• In APAC, Japan has realized their reliance on imported medical supplies from China and South Korea, with the country losing its ability to produce locally. In response to this, the Japanese government announced on April 7, 2020 that it would provide $2 billion in subsidies to help Japanese companies move their supply chains back to Japan [6]. India is also dependent on China for certain supplies. However, the pandemic situation is leading to the revival of the ancillary industry and for pharma to become a self-reliant sector [7].

Shift toward Direct-To-Patient (DTP) Deliveries

The FDA and other health authorities such as European Medicines Agency, China, Korea, Singapore, and so forth are allowing DTP shipments for investigational product supply as an alternate distribution method. Moving to DTP deliveries to ensure patient adherence and participation in clinical trials has increased post March 2020. From April 2020, Marken has seen an increase in the number of onboarded DTP trials within a week , in contrast to the previous timeline of several weeks [8] [9].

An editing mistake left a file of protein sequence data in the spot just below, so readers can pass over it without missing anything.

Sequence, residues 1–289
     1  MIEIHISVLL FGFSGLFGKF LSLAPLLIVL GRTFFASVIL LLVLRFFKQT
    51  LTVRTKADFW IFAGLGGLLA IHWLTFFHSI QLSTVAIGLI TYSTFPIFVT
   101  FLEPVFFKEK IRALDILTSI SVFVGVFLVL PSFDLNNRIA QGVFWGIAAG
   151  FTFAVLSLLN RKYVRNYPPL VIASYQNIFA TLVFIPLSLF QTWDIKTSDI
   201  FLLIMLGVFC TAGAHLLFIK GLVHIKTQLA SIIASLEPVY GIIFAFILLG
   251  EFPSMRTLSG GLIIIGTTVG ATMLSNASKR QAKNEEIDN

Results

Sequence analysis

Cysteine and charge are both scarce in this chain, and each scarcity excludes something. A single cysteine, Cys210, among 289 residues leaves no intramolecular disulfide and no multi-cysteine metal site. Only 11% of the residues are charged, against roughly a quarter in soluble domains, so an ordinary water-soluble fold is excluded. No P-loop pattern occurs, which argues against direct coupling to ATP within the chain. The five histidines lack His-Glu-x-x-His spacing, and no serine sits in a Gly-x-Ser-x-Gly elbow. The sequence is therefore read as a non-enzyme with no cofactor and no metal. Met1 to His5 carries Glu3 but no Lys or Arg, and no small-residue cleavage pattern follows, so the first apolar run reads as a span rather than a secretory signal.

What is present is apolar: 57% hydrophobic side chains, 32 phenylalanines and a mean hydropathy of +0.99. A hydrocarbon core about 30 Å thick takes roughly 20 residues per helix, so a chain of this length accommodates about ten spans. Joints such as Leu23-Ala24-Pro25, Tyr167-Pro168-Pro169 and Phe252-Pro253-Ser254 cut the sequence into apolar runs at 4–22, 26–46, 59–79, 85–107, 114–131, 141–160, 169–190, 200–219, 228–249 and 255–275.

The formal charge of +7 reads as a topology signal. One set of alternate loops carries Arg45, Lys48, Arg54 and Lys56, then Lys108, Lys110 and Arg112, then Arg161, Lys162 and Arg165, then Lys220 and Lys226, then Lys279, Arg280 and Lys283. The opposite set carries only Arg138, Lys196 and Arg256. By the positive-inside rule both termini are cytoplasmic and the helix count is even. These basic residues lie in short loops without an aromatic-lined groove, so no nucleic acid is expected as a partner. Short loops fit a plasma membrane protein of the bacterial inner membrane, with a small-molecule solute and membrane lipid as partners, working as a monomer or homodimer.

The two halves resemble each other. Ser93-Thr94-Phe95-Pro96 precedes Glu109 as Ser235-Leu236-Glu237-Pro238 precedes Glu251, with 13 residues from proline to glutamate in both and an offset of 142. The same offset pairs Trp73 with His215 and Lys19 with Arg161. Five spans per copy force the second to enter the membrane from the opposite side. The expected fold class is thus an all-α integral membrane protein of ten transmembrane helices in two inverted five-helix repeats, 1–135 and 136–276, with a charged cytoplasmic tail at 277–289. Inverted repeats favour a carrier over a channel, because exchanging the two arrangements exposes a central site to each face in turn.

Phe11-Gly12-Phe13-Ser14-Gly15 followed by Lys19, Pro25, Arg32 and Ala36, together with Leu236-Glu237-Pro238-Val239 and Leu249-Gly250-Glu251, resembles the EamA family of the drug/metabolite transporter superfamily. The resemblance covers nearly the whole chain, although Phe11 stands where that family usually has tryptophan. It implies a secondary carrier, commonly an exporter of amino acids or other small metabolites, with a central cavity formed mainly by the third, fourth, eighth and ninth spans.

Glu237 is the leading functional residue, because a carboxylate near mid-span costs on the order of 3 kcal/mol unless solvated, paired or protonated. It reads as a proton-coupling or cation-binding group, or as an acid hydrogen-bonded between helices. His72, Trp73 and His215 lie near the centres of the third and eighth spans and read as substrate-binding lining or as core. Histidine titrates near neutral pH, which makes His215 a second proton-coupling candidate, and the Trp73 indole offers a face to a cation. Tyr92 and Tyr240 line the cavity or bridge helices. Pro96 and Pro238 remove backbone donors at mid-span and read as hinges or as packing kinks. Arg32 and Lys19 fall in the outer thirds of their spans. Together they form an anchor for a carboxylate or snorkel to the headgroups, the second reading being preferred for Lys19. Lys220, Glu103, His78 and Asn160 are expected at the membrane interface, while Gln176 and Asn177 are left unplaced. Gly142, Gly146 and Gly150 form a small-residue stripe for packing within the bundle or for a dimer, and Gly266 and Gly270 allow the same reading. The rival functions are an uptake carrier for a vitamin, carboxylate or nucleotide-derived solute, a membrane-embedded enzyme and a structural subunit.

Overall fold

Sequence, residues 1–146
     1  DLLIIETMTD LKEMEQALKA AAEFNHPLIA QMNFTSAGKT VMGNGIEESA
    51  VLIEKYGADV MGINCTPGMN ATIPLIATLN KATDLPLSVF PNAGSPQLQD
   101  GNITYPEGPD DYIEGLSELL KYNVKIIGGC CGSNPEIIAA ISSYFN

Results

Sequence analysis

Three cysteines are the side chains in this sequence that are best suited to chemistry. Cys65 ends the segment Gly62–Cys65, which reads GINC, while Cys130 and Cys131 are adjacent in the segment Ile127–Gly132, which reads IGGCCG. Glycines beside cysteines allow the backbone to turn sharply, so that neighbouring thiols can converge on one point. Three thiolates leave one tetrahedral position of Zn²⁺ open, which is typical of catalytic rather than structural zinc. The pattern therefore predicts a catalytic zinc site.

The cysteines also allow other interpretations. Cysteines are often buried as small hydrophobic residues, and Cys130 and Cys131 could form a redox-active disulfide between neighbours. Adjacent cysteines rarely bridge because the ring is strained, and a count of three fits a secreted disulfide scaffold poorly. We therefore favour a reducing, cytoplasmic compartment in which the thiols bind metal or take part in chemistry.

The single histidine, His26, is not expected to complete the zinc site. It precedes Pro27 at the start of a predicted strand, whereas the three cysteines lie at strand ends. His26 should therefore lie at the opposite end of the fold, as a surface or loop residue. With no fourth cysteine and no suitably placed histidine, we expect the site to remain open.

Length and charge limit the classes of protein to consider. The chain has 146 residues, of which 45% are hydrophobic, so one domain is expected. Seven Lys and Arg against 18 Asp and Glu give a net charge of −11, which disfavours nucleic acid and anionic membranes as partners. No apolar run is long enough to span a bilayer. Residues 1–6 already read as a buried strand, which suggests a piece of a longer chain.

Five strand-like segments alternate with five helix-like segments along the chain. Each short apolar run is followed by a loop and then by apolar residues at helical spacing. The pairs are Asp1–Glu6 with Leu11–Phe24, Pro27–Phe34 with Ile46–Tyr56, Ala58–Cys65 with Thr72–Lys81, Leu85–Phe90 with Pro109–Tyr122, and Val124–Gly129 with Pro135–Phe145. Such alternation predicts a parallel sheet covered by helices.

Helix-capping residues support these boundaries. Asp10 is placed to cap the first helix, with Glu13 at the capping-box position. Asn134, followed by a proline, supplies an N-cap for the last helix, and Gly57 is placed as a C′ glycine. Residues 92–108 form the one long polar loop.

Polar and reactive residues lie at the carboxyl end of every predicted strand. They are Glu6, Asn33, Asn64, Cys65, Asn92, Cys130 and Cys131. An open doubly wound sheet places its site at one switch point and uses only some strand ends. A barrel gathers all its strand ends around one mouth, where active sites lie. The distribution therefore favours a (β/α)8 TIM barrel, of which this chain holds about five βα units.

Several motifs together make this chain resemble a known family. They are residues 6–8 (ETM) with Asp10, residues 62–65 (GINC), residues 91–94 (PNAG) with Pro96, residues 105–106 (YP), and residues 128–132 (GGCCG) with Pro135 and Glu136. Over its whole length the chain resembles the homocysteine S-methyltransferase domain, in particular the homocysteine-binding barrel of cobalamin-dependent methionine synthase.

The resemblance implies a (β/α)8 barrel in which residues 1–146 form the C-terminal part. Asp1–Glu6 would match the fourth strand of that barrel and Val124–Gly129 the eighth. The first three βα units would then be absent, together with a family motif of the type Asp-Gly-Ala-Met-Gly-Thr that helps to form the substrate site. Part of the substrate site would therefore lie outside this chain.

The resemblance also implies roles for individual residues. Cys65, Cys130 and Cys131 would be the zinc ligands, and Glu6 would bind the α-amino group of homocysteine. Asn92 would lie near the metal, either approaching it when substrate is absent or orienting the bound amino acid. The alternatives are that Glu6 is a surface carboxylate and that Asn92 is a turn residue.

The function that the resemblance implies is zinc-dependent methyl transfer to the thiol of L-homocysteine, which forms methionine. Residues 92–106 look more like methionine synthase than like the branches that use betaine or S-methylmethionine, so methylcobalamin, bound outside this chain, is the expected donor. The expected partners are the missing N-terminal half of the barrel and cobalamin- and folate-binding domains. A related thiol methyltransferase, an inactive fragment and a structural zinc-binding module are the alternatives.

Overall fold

In the EU, regulations do not engage DTP, and the sponsor has to get approval from the authorities. Once approval has been received, working together with a clinical supply manager who has years of experience with DTP in other countries (such as the U.S.) will facilitate the trial [10]. This has eventually led to a large number of job openings for clinical supply chain managers among suppliers, such as Thermo Fisher Scientific, IQVIA, and Covance in the UK, Belgium, France, and the U.S.

Key Technologies

The use of technology in clinical trial supplies changes the dynamics of logistics services by decreasing the wastage of supplies and increasing the patient-centric approach of clinical trials. Following are the widely adopted technologies that increase efficiency.

  • Data Analytics-based Decision Making (IRT): The integration of enrollment data and inventory levels using IRT, simulation software services, and so forth will have a positive impact on overages and wastage levels. Ten percent cost-efficiency boosts have been reported from analytics [11]. During IRT selection, it is key to select a system that integrates with pharma’s CDMO supplier for process optimization and EDC platform [12].